PEL/VIP Pneumonia Protocol Program

Recognition of Pneumonia Risk and Recommended Treatment in a Skilled Nursing Facility

OBJECTIVES

  • Brief discussion of Skilled Nursing Facility data regarding the incidence of pneumonia
    • Discussion of risk factors that should be recognized
  • These will be found in Pneumonia Risk Scoring Tool
  • Review of assessment criteria to assess risk of pneumonia
    • This will be found in Pneumonia Risk Scoring Tool
  • Review of Facility Staff Workflow Process after patient is scored and placed into Pneumonia Protocol (either Low or High Probability)
  • Review of Guidelines for Hospital Admission for patients with suspected pneumonia
    • These are strictly guidelines
  • Review of forms used in Protocol
    • Pneumonia Risk Scoring Tool
    • Workflow Algorithms (Low/High Probability)
    • Additional RT Forms that will be used
  • Review of Outcomes Management

Pneumonia

  • The incidence of pneumonia is higher in Nursing Homes than in any other setting.
    • A practical definition of pneumonia is a new infiltrate on chest X-ray with at least two clinical signs of:
      • new/increased cough or sputum production
      • fever >38 C
      • pleuritic chest pain
      • new relevant chest exam findings
      • dyspnea/tachypnea
      • worsened mental/functional status

 

Know Pneumonia: The reality versus the Evidence of Diagnosis & Treatment; Levenson S, Crecelius C, Caring for the Ages, August 2003; Vol.4, No. 8, p.14

Pneumonia

  • Historically, 2/3 to 3/4 of NH residents with pneumonia are treated without hospitalization.
  • There is an increasing need to develop an evidence-based strategy to:
    • Recognize risk factors
    • Carefully assess clinical signs and symptoms
    • Initiate appropriate general practices and treatment modalities upon admission of residents.

 

Breathe Easy: Managing Respiratory Infections in LTC Facilities requires well-defined policies, effective surveillance & strong communication; Kaldy J, Caring for the Ages, December 2003

This protocol will discuss risk factors, early and frequent patient assessment and available treatment modalities.

Assess Risk Factors.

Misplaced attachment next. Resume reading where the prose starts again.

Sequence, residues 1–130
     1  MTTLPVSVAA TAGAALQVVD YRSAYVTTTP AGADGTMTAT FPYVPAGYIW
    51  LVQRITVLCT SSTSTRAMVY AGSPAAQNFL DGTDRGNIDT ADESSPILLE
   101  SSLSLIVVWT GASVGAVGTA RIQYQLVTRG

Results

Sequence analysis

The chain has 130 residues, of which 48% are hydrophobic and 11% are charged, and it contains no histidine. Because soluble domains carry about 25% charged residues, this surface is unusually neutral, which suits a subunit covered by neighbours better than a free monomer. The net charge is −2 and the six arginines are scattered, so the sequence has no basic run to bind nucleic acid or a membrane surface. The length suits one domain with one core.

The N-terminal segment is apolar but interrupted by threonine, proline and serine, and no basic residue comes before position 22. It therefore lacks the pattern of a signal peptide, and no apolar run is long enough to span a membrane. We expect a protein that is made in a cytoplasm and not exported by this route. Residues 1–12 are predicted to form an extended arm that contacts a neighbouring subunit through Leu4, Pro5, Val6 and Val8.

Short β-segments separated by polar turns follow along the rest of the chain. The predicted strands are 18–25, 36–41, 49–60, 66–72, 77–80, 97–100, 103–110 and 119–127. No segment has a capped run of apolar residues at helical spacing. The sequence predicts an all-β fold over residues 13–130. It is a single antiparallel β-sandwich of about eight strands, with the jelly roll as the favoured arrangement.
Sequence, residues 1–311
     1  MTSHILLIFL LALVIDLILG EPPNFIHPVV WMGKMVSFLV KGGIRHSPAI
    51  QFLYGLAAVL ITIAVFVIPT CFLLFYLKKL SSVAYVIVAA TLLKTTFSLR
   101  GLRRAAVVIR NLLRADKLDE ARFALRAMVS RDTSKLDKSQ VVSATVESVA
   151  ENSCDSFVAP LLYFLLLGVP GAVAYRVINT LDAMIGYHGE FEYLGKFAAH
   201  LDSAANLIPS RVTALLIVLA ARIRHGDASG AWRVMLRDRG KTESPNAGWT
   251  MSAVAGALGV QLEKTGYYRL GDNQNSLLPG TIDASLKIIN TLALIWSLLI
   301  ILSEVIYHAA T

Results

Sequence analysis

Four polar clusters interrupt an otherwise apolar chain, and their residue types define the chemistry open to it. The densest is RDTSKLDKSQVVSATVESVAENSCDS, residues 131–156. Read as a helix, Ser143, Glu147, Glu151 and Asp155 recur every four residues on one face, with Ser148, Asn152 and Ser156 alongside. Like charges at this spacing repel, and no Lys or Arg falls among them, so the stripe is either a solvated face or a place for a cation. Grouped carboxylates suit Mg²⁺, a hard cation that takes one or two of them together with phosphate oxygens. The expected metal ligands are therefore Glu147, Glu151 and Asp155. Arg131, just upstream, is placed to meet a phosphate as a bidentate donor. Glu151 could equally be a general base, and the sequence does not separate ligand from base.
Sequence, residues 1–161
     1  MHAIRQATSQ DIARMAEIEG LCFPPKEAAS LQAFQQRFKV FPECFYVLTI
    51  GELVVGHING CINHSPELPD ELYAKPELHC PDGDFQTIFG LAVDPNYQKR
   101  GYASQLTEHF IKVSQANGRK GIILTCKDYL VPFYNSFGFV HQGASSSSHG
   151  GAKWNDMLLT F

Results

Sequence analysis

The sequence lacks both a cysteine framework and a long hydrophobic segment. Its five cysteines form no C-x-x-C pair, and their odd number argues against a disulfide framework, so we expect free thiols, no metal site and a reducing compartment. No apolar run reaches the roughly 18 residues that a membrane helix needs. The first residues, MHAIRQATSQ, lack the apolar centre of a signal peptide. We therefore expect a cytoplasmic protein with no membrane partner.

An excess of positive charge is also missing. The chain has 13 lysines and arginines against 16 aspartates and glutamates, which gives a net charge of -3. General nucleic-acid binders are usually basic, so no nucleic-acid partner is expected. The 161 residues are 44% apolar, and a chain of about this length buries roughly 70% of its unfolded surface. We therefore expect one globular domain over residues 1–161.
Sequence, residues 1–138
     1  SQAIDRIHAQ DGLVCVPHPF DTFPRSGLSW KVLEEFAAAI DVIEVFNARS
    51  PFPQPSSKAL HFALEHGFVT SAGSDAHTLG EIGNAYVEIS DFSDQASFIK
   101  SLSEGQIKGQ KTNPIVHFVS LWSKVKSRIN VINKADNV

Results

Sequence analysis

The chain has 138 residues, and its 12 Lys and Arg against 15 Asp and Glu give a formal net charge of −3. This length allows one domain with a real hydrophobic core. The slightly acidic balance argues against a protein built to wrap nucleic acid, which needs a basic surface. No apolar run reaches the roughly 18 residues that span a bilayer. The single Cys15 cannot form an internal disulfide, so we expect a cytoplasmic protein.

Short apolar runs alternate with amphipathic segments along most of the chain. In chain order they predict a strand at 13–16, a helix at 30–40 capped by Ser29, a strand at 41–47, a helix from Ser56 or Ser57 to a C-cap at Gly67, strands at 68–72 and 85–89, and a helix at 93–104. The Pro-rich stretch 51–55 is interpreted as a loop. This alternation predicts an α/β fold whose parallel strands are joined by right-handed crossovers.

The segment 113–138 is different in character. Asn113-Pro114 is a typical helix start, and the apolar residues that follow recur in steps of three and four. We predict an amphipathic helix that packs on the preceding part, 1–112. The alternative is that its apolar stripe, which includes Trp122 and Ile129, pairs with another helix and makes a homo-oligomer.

If 2 or more are identified then perform Clinical Scoring Assessment part of the Pneumonia Risk Scoring Tool Worksheet

PNEUMONIA RISK FACTORS

(Assessing these Risk Factors are the first part of the Pneumonia Risk Scoring Tool Worksheet)
  • Conditions favoring reflux
  • Dysphagia
  • Swallowing difficulties and/or history of aspiration
  • Presence of a Gastric or Nasogastric Tube
  • History of COPD
  • Extremes of age
  • Poor oral hygiene
  • Recent history of prolonged use of ventilator support
  • Presence of tracheostomy tube
  • Swallowing difficulties and/or
  • history of aspiration
  • Neurological impairment
  • Co-morbidities especially renal disease
  • Poor functional status
  • Immunosuppression
  • Conditions that predispose to bacteremia (indwelling catheters, pressure ulcers)
  • Immobility
  • Supine position
  • Use of sedating medications
  • Malnutrition
  • Recent thoracic/abdominal surgery

Clinical Assessment Criteria to Assess Probability for Risk of Pneumonia

(This is part of the Pneumonia Risk Scoring Tool Worksheet)

  • Laboratory testing may include White Blood Cell (WBC) count. Look for WBC > 10,000 per mm3
  • Baseline vital signs to include Respiratory Rate (RR). Look for RR > 30
  • Baseline vital signs to include Temperature. Look for Temp > 38 C
  • Baseline vital signs to include Heart Rate (HR). Look for HR > 110

Clinical Assessment Criteria to Assess Probability for Risk of Pneumonia

(This is part of the Pneumonia Risk Scoring Tool Worksheet)

  • Baseline vital signs to include Breath Sounds (BrS). Look for presence of wheezes and/or moist crackles. (If moist crackles are bilateral, think CHF)